Tom E. Curran

Tomlin not letting up on Brown after ill-advised Facebook Live video

Tomlin not letting up on Brown after ill-advised Facebook Live video

FOXBORO – Mike Tomlin didn’t sidestep questions related to Antonio Brown’s ill-advised locker room broadcast.

Instead, Tomlin actually seemed to up the ante during a conference call with New England media. Asked whether Brown seemed to get the message that Tomlin delivered and take it seriously, Tomlin said, “I think time always tells those stories.”

Tomlin easily could have used a “we’re moving on” message or talked about how Brown simply made a youthful mistake but he opted not to. Which isn’t surprising.

The number one criticism of Tomlin is that the Steelers head coach runs a loose ship and that the lack of discipline and accountability is a big issue.

Seeing Brown run a live broadcast from the locker room while Tomlin’s trying to make a point doesn’t just keep that perception afloat, it advances it to a place it’s never been.

It’s not a stretch to say that Brown’s actions imperiled Tomlin’s reputation. There’s no wonder he isn’t willing to let Brown off the hook.

Brown addressed the controversy on Wednesday saying, “I absolutely regret the Facebook Live situation. It’s a total distraction to the organization. A total distraction to my teammates. Obviously disrespect to my coach. I’ve got utmost respect to my coach so I totally regret that.”

Tomlin on Tuesday went as far as to suggest other players doing team-distracting things like Brown wind up getting passed around the league despite their great talent. “That's often why you see great players move from team to team,” said Tomlin. “Don't want that to happen to Antonio Brown.

Tomlin expressed embarrassment that the language he used in the postgame in the privacy of his locker room was served up for public consumption.

“As a parent, I’m not into public displays of that type of language so I was more embarrassed about that aspect of it not necessarily the content or the message of the video,” said Tomlin.

As to referring to the Patriots as “those a*******,” Tomlin said, “Man, you could have applied that sentiment to any opponent. You could have made that tape two weeks earlier and applied it to that opponent. It’s not about the nameless great faces that we play, it’s about our overall preparation and that was the sentiment of the message that I was sending to the guys not necessarily about the New England Patriots, they just happened to be who we’re playing this week.”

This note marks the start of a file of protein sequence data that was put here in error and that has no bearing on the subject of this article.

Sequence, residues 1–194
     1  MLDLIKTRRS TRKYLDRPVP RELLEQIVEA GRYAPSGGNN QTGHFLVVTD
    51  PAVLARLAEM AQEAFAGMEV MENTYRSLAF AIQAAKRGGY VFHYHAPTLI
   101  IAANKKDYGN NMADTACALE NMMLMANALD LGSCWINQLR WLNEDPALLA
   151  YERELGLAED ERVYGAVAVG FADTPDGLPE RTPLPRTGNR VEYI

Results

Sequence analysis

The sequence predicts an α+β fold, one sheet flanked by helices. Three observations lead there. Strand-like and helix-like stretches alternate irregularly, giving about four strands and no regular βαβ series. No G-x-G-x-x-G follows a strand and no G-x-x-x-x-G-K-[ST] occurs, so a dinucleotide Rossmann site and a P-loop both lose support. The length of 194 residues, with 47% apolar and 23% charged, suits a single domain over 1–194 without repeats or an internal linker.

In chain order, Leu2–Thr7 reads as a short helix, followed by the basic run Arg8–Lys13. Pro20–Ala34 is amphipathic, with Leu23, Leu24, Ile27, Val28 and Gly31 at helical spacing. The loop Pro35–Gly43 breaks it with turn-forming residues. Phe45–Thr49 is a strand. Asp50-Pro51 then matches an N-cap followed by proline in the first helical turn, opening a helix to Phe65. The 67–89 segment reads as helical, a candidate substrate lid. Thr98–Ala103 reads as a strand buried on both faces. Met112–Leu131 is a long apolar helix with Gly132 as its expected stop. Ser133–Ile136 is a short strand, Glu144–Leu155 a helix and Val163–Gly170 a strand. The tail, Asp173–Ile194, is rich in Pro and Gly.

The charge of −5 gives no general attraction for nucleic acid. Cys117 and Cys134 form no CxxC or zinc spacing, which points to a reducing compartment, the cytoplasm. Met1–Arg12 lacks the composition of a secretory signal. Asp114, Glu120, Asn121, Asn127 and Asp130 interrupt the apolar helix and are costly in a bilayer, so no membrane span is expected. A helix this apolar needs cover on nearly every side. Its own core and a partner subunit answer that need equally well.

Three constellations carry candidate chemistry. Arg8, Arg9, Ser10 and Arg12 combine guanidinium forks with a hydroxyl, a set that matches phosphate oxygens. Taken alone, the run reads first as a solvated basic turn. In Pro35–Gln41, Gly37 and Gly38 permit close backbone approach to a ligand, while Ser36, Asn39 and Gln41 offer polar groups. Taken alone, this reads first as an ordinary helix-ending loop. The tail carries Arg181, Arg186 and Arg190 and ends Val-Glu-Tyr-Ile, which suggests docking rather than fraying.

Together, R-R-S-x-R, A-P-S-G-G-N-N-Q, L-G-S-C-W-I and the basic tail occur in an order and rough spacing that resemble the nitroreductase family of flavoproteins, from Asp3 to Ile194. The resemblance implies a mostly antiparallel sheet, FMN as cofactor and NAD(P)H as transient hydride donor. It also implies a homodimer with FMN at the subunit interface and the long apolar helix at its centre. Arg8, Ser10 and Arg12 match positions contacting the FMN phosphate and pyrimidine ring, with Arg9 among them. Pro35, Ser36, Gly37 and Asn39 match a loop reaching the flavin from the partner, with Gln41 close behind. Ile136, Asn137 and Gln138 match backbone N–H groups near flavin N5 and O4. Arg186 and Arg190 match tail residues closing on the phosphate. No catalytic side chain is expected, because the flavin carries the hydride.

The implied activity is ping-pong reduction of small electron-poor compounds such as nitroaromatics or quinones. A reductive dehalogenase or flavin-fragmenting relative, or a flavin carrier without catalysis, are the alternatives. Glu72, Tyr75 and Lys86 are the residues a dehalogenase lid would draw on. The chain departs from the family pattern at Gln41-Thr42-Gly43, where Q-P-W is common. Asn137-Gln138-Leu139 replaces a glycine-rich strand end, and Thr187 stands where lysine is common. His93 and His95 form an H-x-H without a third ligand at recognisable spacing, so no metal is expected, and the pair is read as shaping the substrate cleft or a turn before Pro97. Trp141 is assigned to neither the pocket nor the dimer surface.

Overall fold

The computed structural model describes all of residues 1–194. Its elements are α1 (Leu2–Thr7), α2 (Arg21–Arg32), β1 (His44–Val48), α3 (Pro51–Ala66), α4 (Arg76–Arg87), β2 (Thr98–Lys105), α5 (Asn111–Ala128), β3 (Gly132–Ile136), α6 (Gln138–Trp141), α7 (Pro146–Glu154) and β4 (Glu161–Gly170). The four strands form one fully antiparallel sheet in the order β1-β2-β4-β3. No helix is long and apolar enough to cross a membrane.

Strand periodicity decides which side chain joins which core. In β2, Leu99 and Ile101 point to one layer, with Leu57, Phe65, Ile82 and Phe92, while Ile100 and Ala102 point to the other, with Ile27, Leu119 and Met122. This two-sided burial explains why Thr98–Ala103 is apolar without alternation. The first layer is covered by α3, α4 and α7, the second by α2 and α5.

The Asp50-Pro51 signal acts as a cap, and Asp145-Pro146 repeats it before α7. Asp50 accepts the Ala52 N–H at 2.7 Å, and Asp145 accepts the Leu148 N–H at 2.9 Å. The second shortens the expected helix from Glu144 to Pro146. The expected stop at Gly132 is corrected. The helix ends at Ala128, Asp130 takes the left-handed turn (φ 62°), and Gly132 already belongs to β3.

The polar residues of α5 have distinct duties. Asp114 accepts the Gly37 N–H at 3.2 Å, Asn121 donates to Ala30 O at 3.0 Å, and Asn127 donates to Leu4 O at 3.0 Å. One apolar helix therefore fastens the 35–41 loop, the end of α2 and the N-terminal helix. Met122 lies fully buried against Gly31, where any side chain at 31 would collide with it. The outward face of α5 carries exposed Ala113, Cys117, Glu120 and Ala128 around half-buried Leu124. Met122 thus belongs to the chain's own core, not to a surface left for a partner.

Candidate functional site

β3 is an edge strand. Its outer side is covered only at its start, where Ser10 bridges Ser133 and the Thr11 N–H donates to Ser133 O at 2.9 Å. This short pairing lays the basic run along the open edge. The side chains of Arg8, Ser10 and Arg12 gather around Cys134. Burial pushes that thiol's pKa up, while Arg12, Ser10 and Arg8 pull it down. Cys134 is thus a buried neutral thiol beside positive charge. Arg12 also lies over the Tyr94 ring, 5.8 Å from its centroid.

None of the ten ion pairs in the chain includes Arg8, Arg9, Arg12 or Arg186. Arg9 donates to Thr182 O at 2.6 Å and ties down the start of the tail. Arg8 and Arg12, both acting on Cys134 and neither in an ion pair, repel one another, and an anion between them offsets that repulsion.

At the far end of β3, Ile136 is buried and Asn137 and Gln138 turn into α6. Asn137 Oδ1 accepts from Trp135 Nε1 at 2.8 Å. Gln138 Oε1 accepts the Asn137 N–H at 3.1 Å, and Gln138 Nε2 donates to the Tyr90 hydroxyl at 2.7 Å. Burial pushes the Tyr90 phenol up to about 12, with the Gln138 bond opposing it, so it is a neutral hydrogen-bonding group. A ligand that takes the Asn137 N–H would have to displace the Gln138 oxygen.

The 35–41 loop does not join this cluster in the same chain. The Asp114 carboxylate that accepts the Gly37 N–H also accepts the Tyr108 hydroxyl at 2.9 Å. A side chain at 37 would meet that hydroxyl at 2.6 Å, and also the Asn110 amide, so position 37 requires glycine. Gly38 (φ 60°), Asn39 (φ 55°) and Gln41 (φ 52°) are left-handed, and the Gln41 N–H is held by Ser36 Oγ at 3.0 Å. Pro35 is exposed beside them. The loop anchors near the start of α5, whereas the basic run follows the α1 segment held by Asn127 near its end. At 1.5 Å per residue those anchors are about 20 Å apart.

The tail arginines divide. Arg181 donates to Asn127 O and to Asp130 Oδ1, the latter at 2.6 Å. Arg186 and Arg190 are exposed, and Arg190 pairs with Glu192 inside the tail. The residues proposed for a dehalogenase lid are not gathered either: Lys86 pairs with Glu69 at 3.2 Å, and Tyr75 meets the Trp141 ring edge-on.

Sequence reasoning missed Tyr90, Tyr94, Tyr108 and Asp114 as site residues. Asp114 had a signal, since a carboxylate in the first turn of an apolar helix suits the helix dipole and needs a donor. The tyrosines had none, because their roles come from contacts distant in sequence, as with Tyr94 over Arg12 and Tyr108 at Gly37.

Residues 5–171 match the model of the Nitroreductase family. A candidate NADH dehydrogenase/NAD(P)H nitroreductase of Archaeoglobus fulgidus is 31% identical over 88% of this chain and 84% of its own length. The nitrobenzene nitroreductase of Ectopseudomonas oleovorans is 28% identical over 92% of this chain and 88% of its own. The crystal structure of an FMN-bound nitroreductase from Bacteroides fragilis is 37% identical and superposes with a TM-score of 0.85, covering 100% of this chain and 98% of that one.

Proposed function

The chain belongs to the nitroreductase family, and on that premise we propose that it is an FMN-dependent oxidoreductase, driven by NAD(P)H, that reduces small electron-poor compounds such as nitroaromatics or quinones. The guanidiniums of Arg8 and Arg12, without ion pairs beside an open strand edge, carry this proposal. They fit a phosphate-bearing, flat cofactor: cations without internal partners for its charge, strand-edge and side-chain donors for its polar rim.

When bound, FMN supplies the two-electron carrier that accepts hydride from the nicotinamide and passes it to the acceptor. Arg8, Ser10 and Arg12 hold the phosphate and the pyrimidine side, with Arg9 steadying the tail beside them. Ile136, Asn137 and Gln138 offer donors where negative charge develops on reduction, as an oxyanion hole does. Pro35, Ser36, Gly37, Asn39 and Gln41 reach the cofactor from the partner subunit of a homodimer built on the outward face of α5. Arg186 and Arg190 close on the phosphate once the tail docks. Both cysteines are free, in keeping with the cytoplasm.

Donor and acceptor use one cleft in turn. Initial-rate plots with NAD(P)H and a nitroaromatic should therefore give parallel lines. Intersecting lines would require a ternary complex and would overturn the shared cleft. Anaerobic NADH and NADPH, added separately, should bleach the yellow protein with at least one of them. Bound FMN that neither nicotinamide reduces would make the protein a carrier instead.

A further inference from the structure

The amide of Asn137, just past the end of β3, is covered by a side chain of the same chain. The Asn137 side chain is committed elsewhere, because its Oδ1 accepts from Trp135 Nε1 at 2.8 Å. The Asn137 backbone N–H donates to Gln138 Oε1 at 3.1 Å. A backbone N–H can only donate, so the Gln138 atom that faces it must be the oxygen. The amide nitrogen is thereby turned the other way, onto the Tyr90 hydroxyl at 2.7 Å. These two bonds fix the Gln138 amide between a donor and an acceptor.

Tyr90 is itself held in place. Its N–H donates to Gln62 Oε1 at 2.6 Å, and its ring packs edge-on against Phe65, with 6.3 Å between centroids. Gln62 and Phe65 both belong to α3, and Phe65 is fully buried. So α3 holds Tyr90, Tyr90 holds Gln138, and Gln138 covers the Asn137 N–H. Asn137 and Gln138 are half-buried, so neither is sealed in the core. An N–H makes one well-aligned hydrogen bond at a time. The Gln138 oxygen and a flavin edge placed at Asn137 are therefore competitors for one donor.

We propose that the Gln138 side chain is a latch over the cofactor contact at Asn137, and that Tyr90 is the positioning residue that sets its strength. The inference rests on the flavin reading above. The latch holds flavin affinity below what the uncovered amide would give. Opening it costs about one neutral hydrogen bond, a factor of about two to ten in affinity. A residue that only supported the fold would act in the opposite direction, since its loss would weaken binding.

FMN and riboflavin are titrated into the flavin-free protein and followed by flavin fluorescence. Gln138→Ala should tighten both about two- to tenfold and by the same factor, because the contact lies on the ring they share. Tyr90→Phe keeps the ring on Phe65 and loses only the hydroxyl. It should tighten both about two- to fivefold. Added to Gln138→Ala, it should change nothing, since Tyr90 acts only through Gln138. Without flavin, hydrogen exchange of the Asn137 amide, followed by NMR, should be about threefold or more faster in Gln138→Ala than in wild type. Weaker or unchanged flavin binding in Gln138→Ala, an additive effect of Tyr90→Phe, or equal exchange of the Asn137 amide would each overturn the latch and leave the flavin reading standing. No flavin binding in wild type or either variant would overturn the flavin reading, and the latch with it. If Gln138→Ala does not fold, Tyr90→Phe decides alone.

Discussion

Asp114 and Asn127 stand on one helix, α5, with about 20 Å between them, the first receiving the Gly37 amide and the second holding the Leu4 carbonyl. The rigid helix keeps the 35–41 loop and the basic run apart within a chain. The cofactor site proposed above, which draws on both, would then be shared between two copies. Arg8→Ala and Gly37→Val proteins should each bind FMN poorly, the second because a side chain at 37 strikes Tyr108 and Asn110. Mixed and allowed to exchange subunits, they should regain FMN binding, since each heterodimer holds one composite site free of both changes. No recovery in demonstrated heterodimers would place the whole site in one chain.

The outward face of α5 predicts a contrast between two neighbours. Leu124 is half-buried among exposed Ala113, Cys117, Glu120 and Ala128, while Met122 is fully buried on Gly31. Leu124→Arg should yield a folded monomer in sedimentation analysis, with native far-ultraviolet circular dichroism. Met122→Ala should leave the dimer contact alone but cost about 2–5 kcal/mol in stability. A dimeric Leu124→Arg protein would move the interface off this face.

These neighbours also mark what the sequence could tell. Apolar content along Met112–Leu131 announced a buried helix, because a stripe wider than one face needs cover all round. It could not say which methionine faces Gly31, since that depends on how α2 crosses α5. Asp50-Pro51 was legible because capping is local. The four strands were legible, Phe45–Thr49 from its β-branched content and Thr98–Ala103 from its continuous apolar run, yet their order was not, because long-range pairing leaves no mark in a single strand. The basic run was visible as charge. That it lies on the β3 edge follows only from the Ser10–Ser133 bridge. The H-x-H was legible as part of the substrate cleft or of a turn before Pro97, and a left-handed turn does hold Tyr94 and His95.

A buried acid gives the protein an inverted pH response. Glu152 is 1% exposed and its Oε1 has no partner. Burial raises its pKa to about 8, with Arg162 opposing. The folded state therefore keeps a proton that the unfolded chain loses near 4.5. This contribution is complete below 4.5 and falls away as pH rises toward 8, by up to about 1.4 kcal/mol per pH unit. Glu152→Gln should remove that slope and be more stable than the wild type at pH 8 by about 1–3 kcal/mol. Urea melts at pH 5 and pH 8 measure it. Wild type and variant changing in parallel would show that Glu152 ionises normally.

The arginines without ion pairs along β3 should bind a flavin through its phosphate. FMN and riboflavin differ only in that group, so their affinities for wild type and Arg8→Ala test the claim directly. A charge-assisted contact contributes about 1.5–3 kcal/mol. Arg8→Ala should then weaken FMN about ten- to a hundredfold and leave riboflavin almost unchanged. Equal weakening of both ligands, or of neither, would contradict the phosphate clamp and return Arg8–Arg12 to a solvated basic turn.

Tomlin also addressed the time element he referenced in his postgame speech when he said the Patriots had a day-and-a-half head start on his team. 

“I was just trying to instill a sense of urgency in our group regarding preparation and I wanted them to understand that we didn’t have a lot of time to pat ourselves on the back based on the performance of the last game,” he explained. “That we needed to transition and transition quickly and start the preparation, whether it was actual preparation or just from a mentality standpoint.”

Because of Brown’s decision, it’s probably been a lot harder to make that transition than Tomlin ever hoped.

Tomlin apologizes for language, calls Brown's actions 'foolish' and 'selfish'

Tomlin apologizes for language, calls Brown's actions 'foolish' and 'selfish'

Steelers head coach Mike Tomlin indicated that stunts like Antonio Brown’s Sunday night video are the kind that get good players shipped out of town.

“He's a great player, respected largely in the locker room but incidents such as this don't help him in that regard,” said Tomlin told Ed Bouchette of the Pittsburgh Post-Gazzette and others at a Tuesday press conference in Pittsburgh. “That's often why you see great players move from team to team. Don't want that to happen to Antonio Brown.” 

Tomlin, who referred to the Patriots as “a--holes” after the Steelers beat Kansas City in a Divisional Playoff game, apologized for his profanity and the other off-color comments made in the 17-minute broadcast.